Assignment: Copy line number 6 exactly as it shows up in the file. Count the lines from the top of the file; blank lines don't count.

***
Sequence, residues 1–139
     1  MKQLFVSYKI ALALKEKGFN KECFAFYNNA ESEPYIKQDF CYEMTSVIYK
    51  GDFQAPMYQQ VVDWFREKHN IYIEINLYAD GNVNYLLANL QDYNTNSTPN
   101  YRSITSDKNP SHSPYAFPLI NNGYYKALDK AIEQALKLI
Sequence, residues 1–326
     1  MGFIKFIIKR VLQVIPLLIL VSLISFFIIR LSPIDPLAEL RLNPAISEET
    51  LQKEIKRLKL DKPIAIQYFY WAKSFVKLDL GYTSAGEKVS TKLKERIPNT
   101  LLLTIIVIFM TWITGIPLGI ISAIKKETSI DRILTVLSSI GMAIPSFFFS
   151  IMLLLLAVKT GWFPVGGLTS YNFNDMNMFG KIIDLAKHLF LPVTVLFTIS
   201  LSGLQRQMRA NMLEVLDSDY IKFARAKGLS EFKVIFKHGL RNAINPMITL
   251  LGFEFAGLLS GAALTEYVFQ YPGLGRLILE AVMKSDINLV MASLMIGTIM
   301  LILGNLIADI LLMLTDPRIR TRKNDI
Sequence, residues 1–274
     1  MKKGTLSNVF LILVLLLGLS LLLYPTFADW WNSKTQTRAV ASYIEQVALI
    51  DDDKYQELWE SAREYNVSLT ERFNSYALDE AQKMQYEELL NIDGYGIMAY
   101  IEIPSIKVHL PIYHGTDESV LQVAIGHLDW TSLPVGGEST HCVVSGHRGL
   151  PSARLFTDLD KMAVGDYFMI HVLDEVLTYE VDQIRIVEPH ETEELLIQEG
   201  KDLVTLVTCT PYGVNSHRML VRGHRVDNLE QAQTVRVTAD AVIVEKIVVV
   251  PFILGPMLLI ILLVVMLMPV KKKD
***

     1  MGFIKFIIKR VLQVIPLLIL VSLISFFIIR LSPIDPLAEL RLNPAISEET